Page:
This year, perhaps more than ever before, we could see some surprising draft-day slides due to the uniqueness of the 2020 NFL Draft.
Looking at players who have been mocked in the first round for months, we’ve highlighted five prospects who could slide. Some could slide down into the bottom half of Round 1, and others could slide out of the first round entirely.
Jeff Okudah, cornerback, Ohio State
There are a couple of reasons Jeff Okudah could slide come draft day. First, it would not surprise anyone to see a run on offensive tackles and quarterbacks, which would inevitably push other positions down the board. Secondly, there’s been plenty of chatter in recent weeks that some NFL teams view Florida’s C.J. Henderson as the top cornerback in the 2020 NFL Draft class.
For months, many have assumed that Okudah is a top-10 lock, and that could still happen. However, it’s not out of the question to assume that one of the teams picking in the top 10 could like Henderson more, and that Okudah could end up falling into the middle of Round 1 as a result.
Tee Higgins, wide receiver, Clemson
Recently, I dove into why some of the top receivers in this year’s draft could ultimately slide. Essentially, the fact that this year’s draft is so stacked with talent — teams can find exceptional value in the final two days — could lead some teams to value other positions knowing they can still find production later.
This idea is even more salient for a player like Higgins, who has seemingly fallen down the board since the end of the 2019 college football season. He’s not exceptionally athletic, and guys like Denzel Mims and Justin Jefferson have both started rising up boards since the Senior Bowl and NFL Scouting Combine. With that in mind, Higgins could end up sliding well into the second round if teams value more explosive options over his perimeter-centric skill set.
Kenneth Murray, linebacker, Oklahoma
A player who’s been mocked in the bottom half of Round 1 for most of the offseason, Kenneth Murray could end up sliding well into Round 2.
First of all, there’s a lot of buzz surrounding LSU linebacker Patrick Queen, who combines outstanding athleticism with excellent instincts and an exceptionally high football IQ. Looking at the other linebackers in the draft, it wouldn’t be completely stunning if teams valued a player like Willie Gay Jr. or Troy Dye higher than Murray.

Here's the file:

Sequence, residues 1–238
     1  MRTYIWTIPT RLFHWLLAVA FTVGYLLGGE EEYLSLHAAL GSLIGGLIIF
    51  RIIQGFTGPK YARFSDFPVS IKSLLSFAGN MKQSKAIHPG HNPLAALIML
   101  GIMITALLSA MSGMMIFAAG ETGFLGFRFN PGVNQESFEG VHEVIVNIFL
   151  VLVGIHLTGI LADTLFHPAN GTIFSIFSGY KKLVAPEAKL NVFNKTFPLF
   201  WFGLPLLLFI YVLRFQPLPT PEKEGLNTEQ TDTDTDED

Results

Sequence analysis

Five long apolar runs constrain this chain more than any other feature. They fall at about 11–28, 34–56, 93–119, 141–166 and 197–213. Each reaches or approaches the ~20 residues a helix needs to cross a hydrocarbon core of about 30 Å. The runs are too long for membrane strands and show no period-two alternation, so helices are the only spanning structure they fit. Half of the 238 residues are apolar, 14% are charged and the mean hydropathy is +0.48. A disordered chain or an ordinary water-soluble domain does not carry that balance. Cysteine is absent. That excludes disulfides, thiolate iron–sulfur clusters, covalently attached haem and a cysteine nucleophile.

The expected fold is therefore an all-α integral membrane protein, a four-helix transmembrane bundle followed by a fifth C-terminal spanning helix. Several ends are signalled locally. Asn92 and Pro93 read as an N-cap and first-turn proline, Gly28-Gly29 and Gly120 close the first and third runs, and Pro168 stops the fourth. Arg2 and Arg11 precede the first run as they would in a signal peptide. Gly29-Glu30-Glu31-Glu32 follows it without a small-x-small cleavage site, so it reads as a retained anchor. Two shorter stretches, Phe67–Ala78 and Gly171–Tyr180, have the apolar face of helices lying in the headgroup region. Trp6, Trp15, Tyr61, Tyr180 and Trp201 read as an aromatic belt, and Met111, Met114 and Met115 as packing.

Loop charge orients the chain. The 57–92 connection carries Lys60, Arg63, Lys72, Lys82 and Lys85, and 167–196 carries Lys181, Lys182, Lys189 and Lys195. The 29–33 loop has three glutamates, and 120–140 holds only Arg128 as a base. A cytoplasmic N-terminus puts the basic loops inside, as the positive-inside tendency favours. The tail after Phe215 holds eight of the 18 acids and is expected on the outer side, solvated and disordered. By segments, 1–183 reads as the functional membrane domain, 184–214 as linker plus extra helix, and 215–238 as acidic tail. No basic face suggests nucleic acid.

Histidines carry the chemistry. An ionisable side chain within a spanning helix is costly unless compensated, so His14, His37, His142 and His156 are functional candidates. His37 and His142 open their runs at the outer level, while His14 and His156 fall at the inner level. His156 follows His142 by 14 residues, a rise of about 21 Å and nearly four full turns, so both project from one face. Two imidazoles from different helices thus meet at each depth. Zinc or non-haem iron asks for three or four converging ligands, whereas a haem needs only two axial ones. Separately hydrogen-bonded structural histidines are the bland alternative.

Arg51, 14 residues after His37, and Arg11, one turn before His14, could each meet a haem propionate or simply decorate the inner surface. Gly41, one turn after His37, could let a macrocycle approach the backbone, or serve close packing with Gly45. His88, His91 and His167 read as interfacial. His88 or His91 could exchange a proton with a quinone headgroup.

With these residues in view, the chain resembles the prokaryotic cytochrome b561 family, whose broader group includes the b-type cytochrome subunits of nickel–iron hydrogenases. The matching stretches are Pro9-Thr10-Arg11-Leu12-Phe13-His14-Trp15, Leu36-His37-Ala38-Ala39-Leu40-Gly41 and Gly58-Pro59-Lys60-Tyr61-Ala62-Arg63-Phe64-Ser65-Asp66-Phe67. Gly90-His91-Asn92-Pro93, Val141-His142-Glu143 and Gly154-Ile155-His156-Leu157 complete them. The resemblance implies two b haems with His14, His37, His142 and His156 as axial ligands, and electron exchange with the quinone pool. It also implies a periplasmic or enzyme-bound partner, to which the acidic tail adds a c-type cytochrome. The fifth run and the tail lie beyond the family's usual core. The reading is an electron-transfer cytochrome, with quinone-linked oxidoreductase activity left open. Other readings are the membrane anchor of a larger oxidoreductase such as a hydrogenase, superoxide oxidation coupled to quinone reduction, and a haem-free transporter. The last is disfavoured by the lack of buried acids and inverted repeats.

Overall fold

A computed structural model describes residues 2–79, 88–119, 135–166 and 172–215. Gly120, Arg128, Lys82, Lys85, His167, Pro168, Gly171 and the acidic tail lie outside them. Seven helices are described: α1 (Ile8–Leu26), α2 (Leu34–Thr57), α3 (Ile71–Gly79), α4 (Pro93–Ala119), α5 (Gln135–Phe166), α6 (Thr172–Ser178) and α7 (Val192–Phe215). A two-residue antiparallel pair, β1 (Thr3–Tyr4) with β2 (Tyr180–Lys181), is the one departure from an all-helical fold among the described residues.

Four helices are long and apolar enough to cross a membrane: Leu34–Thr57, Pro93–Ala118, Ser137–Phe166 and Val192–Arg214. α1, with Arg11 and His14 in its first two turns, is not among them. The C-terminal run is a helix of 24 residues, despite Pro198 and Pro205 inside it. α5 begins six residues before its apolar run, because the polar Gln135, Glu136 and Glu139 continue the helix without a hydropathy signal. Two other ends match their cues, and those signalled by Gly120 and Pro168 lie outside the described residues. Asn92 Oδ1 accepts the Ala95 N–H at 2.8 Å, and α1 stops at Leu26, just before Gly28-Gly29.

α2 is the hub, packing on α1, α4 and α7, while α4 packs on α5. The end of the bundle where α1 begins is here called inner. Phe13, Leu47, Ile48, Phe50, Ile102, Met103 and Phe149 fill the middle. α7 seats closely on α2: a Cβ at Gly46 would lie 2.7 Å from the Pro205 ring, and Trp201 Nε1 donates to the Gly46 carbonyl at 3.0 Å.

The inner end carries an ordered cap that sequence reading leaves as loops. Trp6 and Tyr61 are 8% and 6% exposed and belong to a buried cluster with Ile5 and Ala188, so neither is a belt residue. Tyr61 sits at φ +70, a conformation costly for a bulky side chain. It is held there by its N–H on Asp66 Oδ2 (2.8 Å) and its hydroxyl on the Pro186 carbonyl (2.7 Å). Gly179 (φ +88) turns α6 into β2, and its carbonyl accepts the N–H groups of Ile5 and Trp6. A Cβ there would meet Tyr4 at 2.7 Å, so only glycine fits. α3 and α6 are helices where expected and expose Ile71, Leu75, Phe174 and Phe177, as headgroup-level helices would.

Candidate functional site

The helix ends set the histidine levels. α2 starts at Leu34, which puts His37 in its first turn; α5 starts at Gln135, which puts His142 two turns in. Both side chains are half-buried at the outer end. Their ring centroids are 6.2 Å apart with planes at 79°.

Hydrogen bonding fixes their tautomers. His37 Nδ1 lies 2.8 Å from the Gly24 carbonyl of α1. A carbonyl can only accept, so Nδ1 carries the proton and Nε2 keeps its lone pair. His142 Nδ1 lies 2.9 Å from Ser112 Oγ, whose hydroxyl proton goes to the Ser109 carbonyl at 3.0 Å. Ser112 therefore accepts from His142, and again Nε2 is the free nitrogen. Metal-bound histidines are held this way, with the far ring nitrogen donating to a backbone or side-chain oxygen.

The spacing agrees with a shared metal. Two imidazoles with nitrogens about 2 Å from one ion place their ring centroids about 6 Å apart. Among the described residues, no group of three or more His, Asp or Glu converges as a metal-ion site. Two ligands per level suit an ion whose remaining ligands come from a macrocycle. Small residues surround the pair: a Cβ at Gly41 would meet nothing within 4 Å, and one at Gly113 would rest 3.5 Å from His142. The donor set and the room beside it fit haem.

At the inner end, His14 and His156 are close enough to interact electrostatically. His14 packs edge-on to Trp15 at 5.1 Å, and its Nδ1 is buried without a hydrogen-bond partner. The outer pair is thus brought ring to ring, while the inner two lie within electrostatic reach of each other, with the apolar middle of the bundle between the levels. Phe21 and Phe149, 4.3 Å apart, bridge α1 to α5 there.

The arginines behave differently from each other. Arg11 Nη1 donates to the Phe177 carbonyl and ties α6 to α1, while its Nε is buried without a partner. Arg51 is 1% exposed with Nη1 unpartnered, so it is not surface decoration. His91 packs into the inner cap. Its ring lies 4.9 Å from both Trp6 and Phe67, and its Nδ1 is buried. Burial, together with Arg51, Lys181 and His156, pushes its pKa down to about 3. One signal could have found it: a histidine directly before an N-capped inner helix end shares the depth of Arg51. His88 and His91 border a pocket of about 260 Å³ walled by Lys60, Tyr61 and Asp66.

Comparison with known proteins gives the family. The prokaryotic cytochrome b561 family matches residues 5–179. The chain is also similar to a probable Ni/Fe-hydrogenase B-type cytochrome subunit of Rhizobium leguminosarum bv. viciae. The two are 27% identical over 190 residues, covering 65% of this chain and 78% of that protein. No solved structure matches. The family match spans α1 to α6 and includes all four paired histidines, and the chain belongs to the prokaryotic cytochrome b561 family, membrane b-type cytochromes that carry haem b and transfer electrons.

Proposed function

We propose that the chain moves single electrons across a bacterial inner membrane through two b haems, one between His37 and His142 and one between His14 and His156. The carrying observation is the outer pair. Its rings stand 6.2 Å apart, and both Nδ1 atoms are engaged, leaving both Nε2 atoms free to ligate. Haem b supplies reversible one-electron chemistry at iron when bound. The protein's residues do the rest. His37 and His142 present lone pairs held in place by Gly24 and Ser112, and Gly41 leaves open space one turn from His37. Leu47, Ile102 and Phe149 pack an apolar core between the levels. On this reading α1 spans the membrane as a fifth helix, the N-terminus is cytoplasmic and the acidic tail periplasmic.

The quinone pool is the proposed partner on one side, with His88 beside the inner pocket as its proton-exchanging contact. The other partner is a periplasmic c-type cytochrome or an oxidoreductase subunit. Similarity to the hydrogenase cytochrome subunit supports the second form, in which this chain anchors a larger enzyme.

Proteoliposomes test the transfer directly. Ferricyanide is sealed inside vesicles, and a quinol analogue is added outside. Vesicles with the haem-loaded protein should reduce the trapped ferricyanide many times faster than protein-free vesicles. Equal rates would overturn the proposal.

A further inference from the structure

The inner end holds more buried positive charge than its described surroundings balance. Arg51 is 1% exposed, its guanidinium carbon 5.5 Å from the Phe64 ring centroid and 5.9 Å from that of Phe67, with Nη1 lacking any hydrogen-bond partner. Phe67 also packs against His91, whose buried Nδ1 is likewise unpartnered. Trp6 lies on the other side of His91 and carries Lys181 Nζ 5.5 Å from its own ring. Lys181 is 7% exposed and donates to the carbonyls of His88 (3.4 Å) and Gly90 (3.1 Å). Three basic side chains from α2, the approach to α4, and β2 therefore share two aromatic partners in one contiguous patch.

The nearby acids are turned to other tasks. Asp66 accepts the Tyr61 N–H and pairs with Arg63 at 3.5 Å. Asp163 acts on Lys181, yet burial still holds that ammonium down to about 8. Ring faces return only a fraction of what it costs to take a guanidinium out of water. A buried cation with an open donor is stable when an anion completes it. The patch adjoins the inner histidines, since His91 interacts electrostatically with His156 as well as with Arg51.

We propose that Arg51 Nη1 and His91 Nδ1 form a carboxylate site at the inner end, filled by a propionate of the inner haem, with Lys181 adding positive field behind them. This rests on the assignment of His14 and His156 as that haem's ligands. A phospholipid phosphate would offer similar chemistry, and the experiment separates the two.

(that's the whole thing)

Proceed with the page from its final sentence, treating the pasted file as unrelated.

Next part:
Murray is a freakish athlete who may end up becoming a dynamic pro linebacker. However, he appears to be more of a complementary player, rather than a keystone, and is at his best when chasing, rather than taking on plays directly.
Jonathan Taylor, running back, Wisconsin
If any running back ends up going in the first round of the 2020 NFL Draft, it looks like Georgia product D’Andre Swift will be it — not Jonathan Taylor. Bob McGinn of The Athletic recently shared quotes from scouts around the NFL looking at this year’s running back class, and Taylor did not get rave reviews.
Among the knocks on Taylor was the perception that he’s not great between the tackles and doesn’t really play up to his size.
There’s no doubt that Taylor has home-run speed or that he can be an impact player at the next level. However, he’s already taken a beating throughout his collegiate career with 968 touches in three seasons and could also be seen as a long-term risk because of that workload.
Tua Tagovailoa, quarterback, Alabama
There may not be a bigger risk in this year’s draft than former Alabama quarterback Tua Tagovailoa. Multiple teams have reportedly failed him medically, and multiple teams have reportedly taken him off their draft board because of his injury history.
From a pure talent perspective, Tagovailoa has everything you’re looking for. He’s one of the most accurate passers to enter the NFL in years, and though he doesn’t have a rocket for an arm his anticipation more than makes up for it. That being said, due to his hip injury, which may ultimately require a hip replacement, and due to the pandemic-inspired changes to this year’s NFL offseason, Tagovailoa could ultimately slide big time come draft day.